Chargement Évènements
  • Cet évènement est passé

Adirondacks for All

The Future of Adirondack Stewardship: Climate, Ecology, and Community

septembre 6, 2022 7:00 - 8:00
+ Ajouter à l'agenda Google + Exportation vers iCal/Outlook

This is a virtual event to take place on Zoom.

Throughout history, scholars, writers, artists, and activists have looked beyond the dominant cultural attitudes of their era to re-evaluate the way we organize our relationship with the natural world. The “Romantic Revolt” of Emerson and Thoreau, the conservation ethic of Gifford Pinchot, John Muir’s passion for wilderness preservation, and Rachel Carson’s ecocentric critique of scientific progress have pushed the boundaries of environmental stewardship and continue to inform more contemporary commitments to sustainability and environmental and social justice. These environmental values, among others, have equally influenced the trajectory of conservation, preservation, and stewardship in the Adirondacks. As one of the nation’s first “Forever Wild” nature preserves, Adirondack Park stands as a foundational achievement of environmental preservation, but the work is far from finished. The challenge of climate change has only brought greater urgency to the critical work of protecting biodiversity and promoting ecological stability. This panel of artists, storytellers, students, and teachers will explore the ways we might reimagine Adirondack stewardship–incorporating ecocentric and rights of nature perspectives–and discuss the socio-economic barriers that have historically prevented underrepresented communities from engaging in these conversations. It is critical that Adirondack stewardship transcend the racial and class boundaries and anthropocentric positions that have traditionally defined environmental circles and instead, empower people from all walks of life to participate in decisions and policies that will determine the future of the region.



 À propos de l'orateur :

Blake Lavia (all pronouns) is a multimedia artist and community organizer, currently living in the Kaniatarowanneh / St. Lawrence River Valley, at the foothills of the Adirondack Mountains, Haudenosaunee Territory. Through their work with the environmental storytelling group Talking Wings, Blake Lavia has organized numerous conferences, curated in person and virtual art exhibitions, and produced visual storytelling pieces that spotlight Water and Earth Guardians. Their art practice dances between filmmaking, writing, photography, animation, and mixed media illustration, and spotlights structural violence, cultural memory, and our current climate crises. In recent projects, such as the North Country Rights of Nature Symposium, Blake Lavia is striving to bring communities together to discuss how to build an ecocentric and just reality for the region and the world.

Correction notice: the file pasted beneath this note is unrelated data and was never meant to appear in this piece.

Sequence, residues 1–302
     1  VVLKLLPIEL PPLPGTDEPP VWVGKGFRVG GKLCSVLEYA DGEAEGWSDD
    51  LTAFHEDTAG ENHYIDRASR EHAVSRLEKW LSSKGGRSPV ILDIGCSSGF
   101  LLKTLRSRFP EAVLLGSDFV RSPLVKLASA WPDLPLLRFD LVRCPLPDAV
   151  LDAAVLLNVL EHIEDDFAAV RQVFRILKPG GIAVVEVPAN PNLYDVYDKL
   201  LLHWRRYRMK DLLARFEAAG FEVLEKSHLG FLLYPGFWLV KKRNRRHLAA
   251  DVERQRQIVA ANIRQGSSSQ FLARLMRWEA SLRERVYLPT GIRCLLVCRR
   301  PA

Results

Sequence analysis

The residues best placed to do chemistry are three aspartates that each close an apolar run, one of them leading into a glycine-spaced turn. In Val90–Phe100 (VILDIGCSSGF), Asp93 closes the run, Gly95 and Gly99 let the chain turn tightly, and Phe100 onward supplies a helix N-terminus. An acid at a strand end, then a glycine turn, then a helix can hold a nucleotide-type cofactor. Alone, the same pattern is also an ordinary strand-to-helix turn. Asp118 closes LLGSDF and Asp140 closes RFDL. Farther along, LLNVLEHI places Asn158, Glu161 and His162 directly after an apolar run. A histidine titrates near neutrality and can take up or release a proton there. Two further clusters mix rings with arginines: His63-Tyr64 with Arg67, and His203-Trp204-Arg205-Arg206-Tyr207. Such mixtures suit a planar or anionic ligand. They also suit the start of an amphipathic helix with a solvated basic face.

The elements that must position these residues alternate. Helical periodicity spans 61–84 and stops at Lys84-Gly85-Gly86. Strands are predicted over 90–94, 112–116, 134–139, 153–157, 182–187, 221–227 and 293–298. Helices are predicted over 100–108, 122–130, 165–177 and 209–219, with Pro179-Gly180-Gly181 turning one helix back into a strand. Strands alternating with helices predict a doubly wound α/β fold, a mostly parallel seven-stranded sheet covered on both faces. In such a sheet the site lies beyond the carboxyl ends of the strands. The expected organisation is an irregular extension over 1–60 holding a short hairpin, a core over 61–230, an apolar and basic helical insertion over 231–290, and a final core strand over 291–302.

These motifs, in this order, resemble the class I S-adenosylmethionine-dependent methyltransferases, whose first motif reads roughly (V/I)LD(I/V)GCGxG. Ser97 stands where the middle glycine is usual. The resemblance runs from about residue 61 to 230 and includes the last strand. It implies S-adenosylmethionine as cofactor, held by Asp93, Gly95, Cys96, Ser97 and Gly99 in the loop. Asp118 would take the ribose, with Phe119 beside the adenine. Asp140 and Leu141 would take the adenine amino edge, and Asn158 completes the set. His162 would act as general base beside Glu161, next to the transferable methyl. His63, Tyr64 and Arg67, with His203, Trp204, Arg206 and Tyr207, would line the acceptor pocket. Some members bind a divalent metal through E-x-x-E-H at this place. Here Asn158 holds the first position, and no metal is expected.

Tzintzun Aguilar-Izzo (they, elle) is an environmental artist and movement weaver, who is currently working to spotlight stories of regenerative solutions to the climate crises in the North Country, Haudenosaunee Territory. As part of Talking Wings, they have collaborated with Blake Lavia on several art and community-centered environmental projects, such as the “North Country Art, Land and Environment Summit” and “Confluence: A Tapestry of Rivers and their Guardians.” Talking Wings is currently embarking on a new endeavor in which they are weaving together a regional collaboration to co-create an ecocentric governance system for waterways and draft a Bill of Rights for North Country rivers.



Jen Kretser, Director of Climate Initiatives at The Wild Center, leads the Center’s climate change engagement programs including the Youth Climate Program, which was highlighted by the Obama White House Office of Science and Technology; interpretive programs for visitors; the new Climate Solutions exhibit; and other climate related initiatives and community partnerships. In 2015, she represented The Wild Center and the Association of Science Technology Centers (ASTC) at the UN COP 21 climate talks in Paris and is working to help seed youth climate summits around the world. In 2022, she led The Wild Center’s delegation at the UN COP 26 climate conference in Glasgow, Scotland. Kretser is an active member of the NYS Climate Resilience & Education Task Force, serves numerous boards including the Climate Literacy Energy Awareness Network (CLEAN), Adirondack Mountain Club and the Adirondack Diversity Initiative. Jen also serves on the U.S. Action for Climate Empowerment (ACE) Coordinating Team and is working on new national education guidelines for climate change and climate justice. Jen grew up in and is grateful to call Saranac Lake home.


Caroline Dodd is a lifelong Adirondacker, climate activist, and cross-country ski coach. She was a founding member of The Wild Center’s Youth Climate Program, where she continues to serve on the Youth Advisory Board. She studied environmental science and policy at Cornell University, where she researched climate change mitigation for the Kingdom of Tonga, traveling to the United Nations Climate Negotiations in Poland. Caroline has since served as a legislative advocate for the Adirondacks, a ski instructor, and a winter sports events coordinator. She will attend graduate school in Environmental Policy this fall. She can also be found playing her flute and singing at Chapel Island on Upper Saranac Lake. Caroline plans to carry her passions for climate justice and local climate solutions into the climate policy space.